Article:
Files are being copied from an internal 7,200 rpm SATA hard drive to an external 5,400 rpm drive. I'm copying my user directory (%UserProfile%). The smallest files are in \Favorites, and the largest are in \Videos.

    Shane.
      My ComputerSystem Spec


  7. Posts : 1,282
    W10 pro x64 and W8.1 x86
       17 Dec 2017 #17

    cereberus said: View Post
    Mooly has mistakenly writen Mbps when he means MBps.
    Something like that :)

    I moved a large file today and so took a screen shot. This was to a Seagate HDD (not SSD) USB 3:0 drive. The file size was 17.1 GB and the actual time as measured took 2 mins 43 seconds. So that's 105MB/s actual which compares well with the 109MB/s that Windows showed at the instant I took the image.

    Click image for larger version. 

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      My ComputerSystem Spec


  • Posts : 17
    Windows 10 Home 64-bit
    Thread Starter
       18 Dec 2017 #18

    Robocopy seems to be more efficient when transferring large files. The largest files are in my /Videos folder. The Robocopy log says that the files were copied at 61 MBps.

    Someone (Clyde Tilley) posted a comment in a blog post saying that they fixed the problem by disabling Remote Differential Compression. However, Microsoft says not to do this. Do you know anything about this?

    Thanks,
    Shane.
      My ComputerSystem Spec


  • Posts : 2
    Windows 10 Professional
       08 Apr 2018 #19

    USB 3.0 Drive slowing down


    Wow, so much misinformation on this thread. Sorry I'm a bit late in replying to this. The first thing to check (after defrag status) when any mechanical (spinning disk) drive starts slowing down is the drive SMART (Self-Monitoring, Analysis and Reporting Technology) attributes. If sectors are starting to go bad, then this manifests itself as slow downs as the drive retries each failing sector multiple times before giving up.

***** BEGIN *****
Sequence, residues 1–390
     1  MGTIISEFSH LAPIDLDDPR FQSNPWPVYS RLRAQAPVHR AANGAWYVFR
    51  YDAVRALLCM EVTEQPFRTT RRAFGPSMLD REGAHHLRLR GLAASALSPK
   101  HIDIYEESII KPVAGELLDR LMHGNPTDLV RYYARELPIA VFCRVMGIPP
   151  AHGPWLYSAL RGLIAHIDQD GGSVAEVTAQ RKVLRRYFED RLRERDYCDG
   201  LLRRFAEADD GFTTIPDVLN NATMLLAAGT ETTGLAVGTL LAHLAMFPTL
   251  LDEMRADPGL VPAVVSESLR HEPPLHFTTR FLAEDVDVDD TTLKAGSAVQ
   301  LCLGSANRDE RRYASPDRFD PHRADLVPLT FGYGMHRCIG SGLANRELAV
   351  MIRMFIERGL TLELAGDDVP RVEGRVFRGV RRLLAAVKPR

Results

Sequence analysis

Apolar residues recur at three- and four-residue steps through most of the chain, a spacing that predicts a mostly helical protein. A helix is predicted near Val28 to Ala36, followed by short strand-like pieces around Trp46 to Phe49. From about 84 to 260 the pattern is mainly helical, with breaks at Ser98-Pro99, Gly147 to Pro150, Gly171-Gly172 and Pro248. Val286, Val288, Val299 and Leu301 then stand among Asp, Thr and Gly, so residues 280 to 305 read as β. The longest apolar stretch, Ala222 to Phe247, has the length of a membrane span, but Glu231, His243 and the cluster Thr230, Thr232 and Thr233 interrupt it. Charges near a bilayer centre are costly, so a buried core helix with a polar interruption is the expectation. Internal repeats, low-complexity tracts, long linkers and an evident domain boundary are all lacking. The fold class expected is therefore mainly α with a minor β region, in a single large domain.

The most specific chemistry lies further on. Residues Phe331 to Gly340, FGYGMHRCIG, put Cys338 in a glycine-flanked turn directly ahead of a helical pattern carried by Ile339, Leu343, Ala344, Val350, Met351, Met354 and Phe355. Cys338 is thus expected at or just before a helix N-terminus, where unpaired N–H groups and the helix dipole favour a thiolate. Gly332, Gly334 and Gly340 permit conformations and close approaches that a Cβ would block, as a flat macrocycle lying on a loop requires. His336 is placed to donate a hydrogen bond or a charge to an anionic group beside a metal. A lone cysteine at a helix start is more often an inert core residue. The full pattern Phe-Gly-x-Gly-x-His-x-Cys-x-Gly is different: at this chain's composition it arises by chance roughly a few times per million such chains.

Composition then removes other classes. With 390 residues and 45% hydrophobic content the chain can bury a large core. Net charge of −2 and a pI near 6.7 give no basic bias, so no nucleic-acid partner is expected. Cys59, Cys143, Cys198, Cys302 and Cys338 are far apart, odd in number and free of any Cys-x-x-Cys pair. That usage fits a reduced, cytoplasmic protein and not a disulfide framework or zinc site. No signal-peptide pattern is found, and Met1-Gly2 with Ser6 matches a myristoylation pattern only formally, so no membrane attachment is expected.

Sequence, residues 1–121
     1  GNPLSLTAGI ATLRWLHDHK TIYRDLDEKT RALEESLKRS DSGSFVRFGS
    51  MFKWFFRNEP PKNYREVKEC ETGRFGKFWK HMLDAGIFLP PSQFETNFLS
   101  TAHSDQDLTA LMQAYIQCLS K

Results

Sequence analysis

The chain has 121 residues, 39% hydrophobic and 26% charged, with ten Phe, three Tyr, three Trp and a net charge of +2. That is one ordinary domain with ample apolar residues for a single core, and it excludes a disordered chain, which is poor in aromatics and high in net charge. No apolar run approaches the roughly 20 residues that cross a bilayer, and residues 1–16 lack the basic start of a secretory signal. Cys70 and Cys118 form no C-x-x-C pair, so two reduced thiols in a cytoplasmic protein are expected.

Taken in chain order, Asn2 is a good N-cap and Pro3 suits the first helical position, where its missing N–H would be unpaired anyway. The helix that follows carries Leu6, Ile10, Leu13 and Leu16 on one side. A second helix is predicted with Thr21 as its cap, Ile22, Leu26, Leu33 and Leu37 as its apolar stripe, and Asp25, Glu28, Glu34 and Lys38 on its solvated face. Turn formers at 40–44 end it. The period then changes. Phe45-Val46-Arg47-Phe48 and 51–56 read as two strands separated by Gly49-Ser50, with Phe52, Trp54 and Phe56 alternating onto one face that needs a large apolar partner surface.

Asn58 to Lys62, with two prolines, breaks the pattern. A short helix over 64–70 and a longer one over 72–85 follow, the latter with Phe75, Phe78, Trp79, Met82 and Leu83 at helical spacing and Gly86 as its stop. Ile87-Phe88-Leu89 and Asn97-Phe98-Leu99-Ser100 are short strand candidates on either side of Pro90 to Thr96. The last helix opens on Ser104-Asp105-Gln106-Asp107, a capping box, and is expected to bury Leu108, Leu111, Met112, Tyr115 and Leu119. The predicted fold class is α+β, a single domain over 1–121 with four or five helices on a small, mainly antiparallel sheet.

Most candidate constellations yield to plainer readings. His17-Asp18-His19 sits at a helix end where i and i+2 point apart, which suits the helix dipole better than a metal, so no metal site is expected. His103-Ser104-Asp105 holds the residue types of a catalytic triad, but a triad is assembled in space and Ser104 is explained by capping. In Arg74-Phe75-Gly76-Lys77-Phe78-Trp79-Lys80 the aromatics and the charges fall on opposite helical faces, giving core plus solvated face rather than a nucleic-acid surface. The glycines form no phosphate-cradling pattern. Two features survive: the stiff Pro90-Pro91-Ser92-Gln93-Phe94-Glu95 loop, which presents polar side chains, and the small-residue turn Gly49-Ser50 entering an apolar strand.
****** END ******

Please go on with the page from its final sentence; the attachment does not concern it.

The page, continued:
Windows doesn't usually surface any error messages to the user that things are going pear shaped which is why it's up to the user to run diagnostics themselves.

    Use a tool like Speed Fan to retrieve the current SMART values for the drive. Look for non zero values under Read/Write Error Rate, Pending Sectors, Reallocated Sector Count and Reported Uncorrectable Errors. A single or couple of errors is survivable. Anything more than a handful and the drive is well on it's way out and should be replaced.

    Hard Drives are particularly susceptible to invisble damage from knocks and drops. Reading off the SMART values is sometimes the only way to ascertain for sure if things are heading south.

    Be aware that basic USB to SATA interfaces used by some drive enclosures don't support reading SMART data. In this case you'd have to remove the drive from the enclosure and connect it another way to a working machine to retrieve the attribute values. Your local reputable computer shop may be able to help if this is beyond your capabilities.

    Also, 2.5" mechanical drives as used in most portable drives top out at around ~120MB/s. Modern 3.5" drives can hit around 220MB/s peak/sustained with large files. Note, that's MB (Megabytes) per second. It's the unit of measurement for drive surface to/from read/write head transfer speeds - sometimes referred to as the media transfer rate.

    The USB interface speed on the other hand is measured in Mb/s (Megabits per second) or Gb/s (Gigabits per second). There are a thousand Megabits in a Gigabit. And there are 8 bits in a byte, so divide Mb/s by 8 to get the rate in MB/s.

    480Mbps is the max theoretical transfer rate for USB2.0 and 5Gbps for USB3.0

    For large transfers, the whole transfer can only go as fast as the slowest part of the train, for USB3.0 this is always the media transfer rate - i.e. 120MB/s for a cutting edge 2.5" drive.
    Last edited by CB27; 08 Apr 2018 at 17:13.
      My ComputerSystem Spec

  •    08 Apr 2018 #20

    Hi,

    Wow, so much misinformation on this thread
    True but why add to it ?

    Slow USB transfers aren't pertinent to HDD, SSDs or any other media really, fixed or removable.
    Sure enough, damaged media support isn't going to speed things up but that's only one small aspect of the story really.
    SMART data may be absolutely fine and you can still experience sluggish USB transfers.

    Cheers,
      My ComputersSystem Spec